GREENE COUNTY — The Mental Health & Recovery Board (MHRB) of Clark, Greene and Madison Counties, Greene Memorial/Soin Medical Center, and the Greene County Drug-Free Coalition have been recognizing first responders this week for their efforts to combat the opiate crisis.
“Our first responders and emergency department personnel play a life-saving role in helping families with loved ones who are in active addiction,” said Dr. Greta Mayer, MHRB CEO.
“Bringing Help. Bringing Hope. Thank You” was the theme this week — April 9-13 — when state and local leaders throughout Ohio demonstrated their appreciation to all individuals on the front lines who are working to eradicate the scourge of opiates, and helping individuals who are coping with addiction every day.
“While devastating to every sector of the community, this epidemic has brought together treatment professionals, people in long-term recovery, and first responders to help individuals access care in ways we haven’t seen before,” Mayer continued. “We appreciate all of our front-line workers because saving individuals at the time of an overdose gives hope for recovery from addiction.”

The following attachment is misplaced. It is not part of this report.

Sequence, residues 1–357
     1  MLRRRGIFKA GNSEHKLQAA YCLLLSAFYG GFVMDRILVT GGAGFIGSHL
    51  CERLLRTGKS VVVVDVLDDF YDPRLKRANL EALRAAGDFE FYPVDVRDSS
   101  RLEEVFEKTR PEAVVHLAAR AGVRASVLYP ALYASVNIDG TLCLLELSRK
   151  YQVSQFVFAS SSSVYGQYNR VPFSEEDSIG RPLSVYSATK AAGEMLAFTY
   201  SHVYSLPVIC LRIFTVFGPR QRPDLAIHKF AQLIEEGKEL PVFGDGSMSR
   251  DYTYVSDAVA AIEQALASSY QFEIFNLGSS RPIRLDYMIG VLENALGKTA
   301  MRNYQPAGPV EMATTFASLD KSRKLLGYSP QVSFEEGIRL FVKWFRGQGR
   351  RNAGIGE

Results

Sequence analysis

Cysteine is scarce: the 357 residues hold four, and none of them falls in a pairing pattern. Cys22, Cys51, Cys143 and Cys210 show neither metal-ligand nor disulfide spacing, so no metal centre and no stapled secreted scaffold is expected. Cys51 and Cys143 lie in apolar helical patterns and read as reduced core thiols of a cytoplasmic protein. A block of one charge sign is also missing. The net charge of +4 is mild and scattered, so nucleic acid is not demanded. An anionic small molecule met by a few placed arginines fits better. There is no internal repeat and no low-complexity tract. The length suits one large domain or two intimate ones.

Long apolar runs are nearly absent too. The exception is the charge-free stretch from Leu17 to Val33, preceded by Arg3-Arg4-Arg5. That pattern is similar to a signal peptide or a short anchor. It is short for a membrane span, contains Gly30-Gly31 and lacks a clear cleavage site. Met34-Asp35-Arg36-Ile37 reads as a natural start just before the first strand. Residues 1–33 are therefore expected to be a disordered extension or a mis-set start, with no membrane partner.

Greene County continues efforts to build on prevention, crisis response, enforcement, treatment, and recovery supports for individuals and families. The opiate epidemic continues to impact local communities and is growing more deadly with more dangerous drug formulations including fentanyl. First responders can also be at risk of a deadly overdose by simply coming into contact with residue left behind on the clothing or other belongings of an individual they are assisting.
Despite personal risk and repeated exposure to trauma, emergency department workers, first responders, peers in long-term recovery, and treatment professionals are collaborating around the clock to help people in crisis to access care.
Fairborn Fire Chief Mike Riley said, “It’s unfortunate that people don’t realize that help is available in the community. We provide access to care when people are in crisis, but hope that more people begin to get help earlier, before the point of crisis.”
For more information about prevention, treatment options or recovery supports contact the Mental Health & Recovery Board of Clark, Greene and Madison Counties at 937-322-0648 or firstname.lastname@example.org.
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